Neil MacCallum

Neil R MacCallum, poet and political activist

Born: 15 May, 1954, in Edinburgh Died: 9 November, 2002, Edinburgh, aged 48

NEIL MacCallum, who died under tragic circumstances earlier this month, was a political and cultural nationalist who followed through his committment both in local and national politics and in the field of Scots literature, as poet and editor.

Living all his life in Edinburgh, he was educated at the city’s Firrhill High School and Napier College, and worked in administration with Lothian Health Board from 1973 to 1987. He was a lifelong member of the Scottish National Party, and assistant national secretary for a year before serving as national secretary from 1981 to 1986, under the leadership of Gordon Wilson, during the fraught years following the 1979 referendum fiasco. He served on the party’s national executive committee alongside the likes of Winnie and Margaret Ewing, William Wolfe and Alex Salmond.

In the field of local politics, he was SNP councillor for Edinburgh’s Wester Hailes area from 1977 to 1980.

The leader of the SNP, John Swinney, who was assistant national secretary during MacCallum’s tenure, has expressed his dismay at the former secretary’s untimely death: "He was an ardent supporter of Scottish independence and a lifetime member of the SNP, involved at many levels of the party."

Gordon Wilson paid tribute to MacCallum’s "significant contribution" to the SNP: "He was national secretary at a time when the party was in stress. He had a very calm demeanour and was able to deal with the business efficiently and effectively."

Caught up in the Scottish cultural resurgence, as well as being in demand as a piper, MacCallum was a frequent attender at events such as the early Heretics gatherings in Edinburgh and he became increasingly interested in writing in Lowland Scots, in which he was widely published. As well as producing his own poetry, in books such as Out of Charity and Portrait of a Calvinist (1991), he edited and co-edited anthologies of Scots poetry and criticism, such as Mak It New (1995, with David Purves) and Sing Frae the Hert (1996), a volume of essays by the poet Alexander Scott. His last collection of poems, A Stern’s Licht, was due for publication around the time of his death, but this now seems in doubt.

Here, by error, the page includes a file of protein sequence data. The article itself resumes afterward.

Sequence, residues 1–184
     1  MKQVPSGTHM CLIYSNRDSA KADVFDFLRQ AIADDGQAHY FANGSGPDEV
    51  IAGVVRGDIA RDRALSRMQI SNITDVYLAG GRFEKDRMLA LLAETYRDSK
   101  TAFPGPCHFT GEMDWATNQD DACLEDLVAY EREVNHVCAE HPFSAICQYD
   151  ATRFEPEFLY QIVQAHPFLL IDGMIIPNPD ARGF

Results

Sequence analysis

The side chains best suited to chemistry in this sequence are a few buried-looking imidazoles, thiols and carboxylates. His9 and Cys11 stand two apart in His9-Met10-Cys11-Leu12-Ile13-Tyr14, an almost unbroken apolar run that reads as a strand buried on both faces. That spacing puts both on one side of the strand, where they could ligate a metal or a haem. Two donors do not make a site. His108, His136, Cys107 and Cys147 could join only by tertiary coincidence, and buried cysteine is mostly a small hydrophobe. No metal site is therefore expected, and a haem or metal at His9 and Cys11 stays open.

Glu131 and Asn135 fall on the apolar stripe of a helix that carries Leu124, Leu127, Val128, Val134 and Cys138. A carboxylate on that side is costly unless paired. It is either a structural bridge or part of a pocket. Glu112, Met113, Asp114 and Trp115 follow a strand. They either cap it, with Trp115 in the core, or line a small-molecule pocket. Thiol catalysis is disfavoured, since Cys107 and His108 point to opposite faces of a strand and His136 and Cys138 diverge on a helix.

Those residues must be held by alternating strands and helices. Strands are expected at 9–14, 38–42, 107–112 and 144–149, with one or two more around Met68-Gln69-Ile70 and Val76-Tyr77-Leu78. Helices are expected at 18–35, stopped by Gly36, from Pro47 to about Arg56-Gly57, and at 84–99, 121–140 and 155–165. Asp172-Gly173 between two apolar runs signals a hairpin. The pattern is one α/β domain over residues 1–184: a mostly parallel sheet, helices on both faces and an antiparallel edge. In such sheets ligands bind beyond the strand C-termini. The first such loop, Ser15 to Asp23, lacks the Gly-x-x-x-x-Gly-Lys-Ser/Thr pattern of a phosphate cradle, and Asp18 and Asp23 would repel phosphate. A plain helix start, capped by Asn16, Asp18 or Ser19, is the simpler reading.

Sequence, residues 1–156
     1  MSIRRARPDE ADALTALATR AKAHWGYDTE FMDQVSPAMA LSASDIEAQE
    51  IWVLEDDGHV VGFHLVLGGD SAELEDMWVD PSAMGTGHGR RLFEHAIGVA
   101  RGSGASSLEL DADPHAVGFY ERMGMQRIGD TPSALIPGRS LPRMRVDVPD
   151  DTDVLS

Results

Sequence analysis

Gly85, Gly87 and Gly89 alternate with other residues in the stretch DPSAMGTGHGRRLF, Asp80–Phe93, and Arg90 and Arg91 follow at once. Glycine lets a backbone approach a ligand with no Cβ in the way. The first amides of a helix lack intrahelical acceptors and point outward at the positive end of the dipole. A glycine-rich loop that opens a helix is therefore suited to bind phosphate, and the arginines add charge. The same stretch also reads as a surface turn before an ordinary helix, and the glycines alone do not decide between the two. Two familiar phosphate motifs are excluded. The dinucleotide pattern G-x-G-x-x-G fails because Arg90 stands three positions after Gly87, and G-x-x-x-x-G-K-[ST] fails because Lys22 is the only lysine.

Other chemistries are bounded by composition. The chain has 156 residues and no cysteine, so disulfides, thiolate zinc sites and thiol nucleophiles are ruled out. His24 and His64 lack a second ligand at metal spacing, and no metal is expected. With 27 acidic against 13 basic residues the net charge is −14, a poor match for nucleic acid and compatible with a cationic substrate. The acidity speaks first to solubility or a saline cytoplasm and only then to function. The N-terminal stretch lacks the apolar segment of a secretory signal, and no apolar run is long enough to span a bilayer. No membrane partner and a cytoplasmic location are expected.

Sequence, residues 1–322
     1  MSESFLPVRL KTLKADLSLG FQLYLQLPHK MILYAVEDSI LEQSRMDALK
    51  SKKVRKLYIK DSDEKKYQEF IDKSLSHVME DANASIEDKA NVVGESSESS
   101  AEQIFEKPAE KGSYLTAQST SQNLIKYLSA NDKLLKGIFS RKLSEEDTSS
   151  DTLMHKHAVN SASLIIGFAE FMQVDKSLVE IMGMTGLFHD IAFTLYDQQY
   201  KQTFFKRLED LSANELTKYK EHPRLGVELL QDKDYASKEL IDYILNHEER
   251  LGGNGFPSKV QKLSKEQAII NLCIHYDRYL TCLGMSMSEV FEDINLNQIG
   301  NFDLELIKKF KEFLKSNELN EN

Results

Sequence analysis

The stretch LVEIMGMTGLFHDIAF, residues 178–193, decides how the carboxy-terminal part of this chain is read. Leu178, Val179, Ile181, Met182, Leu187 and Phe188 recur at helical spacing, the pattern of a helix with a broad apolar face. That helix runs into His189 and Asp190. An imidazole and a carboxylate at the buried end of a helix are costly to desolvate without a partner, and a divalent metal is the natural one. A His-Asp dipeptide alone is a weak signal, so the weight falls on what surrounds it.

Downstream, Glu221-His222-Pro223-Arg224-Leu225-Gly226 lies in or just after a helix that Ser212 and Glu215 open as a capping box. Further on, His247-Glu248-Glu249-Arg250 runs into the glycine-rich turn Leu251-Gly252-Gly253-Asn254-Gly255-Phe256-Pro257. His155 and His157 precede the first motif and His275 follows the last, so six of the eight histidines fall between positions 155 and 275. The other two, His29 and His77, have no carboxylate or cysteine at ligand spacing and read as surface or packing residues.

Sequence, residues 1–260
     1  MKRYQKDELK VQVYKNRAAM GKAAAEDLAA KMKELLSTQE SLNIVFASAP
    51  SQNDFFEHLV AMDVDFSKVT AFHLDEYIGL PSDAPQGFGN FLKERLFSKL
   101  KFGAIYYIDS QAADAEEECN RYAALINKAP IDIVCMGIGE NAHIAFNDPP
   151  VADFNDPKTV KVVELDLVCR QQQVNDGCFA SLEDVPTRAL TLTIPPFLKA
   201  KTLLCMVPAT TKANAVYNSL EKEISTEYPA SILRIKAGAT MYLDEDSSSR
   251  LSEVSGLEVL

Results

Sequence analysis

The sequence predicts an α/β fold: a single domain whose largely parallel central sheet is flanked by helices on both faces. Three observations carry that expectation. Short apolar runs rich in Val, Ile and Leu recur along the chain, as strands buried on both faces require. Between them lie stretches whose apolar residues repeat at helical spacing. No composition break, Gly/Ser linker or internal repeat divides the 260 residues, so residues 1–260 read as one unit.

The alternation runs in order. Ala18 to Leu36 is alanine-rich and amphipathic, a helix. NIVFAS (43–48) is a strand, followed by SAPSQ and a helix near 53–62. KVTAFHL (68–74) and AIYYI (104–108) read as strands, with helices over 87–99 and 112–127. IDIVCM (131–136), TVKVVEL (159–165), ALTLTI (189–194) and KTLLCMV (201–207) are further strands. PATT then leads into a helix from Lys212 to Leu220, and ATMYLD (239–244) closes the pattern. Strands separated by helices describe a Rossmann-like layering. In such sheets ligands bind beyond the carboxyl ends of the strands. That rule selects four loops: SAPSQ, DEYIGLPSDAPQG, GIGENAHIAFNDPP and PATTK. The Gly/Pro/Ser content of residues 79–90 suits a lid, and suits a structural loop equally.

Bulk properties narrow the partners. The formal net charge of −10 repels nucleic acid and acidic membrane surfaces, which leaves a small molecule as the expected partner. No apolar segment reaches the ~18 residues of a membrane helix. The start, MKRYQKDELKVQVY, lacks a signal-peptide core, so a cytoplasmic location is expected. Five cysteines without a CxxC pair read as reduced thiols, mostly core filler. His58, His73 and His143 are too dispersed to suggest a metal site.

MacCallum, who wrote as arts correspondent of the Scots Independent for some years, also edited Lallans, the journal of the Scots Language Society, between 1996 and 1999, was the society’s preses between 1993 and 1995 and served on the committee of the Scottish Poetry Library. Before Lallans, he had edited Scots Glasnost and latterly he founded the Merchants o’ Renoun, an Edinburgh-based group presenting Scottish poetry an drama.

His own poetry was translated into other languages, including Italian, Hungarian and Viennese-German dialect, while he himself produced many Scots translations of foreign-language poems, and his last poetry to be published within his lifetime was in a new anthology of translations from Swiss French.

"Magnanimity - that’s the word that sticks in my mind with Neil," said fellow Scots poet Tom Hubbard, currently editor of the Bibliography of Scottish Literature in Translation (BOSLIT) at the National Library of Scotland, who had worked with MacCallum in the past and was discussing co-editing a book with him at the time of his death. "You often get situations where people don’t go to events they’re not directly involved in, but Neil wasn’t like that; he’d go along to other people’s events. I mean, he had strong views, as you would expect from someone as politically involved, and he could express them cogently and sharply, but I never heard a malicious word cross his lips."

Nevertheless, MacCallum did not find life easy. He was increasingly beset by problems relating to depression and alcohol, and was known to go missing for periods, much to the concern of his friends and family. On the evening of 9 November, he was pulled unconscious from Edinburgh’s Union Canal. Witnesses said he had been staggering nearby beforehand. He was taken to the Edinburgh Royal Infirmary, suffering from hypothermia, but died later that night.

As one fellow Scots writer and activist said of him, "he was an honourable man who was committed to the cause of Scots as a means of artistic expression, but he had a really sair fecht at the end".

MacCallum is survived by his father and a brother.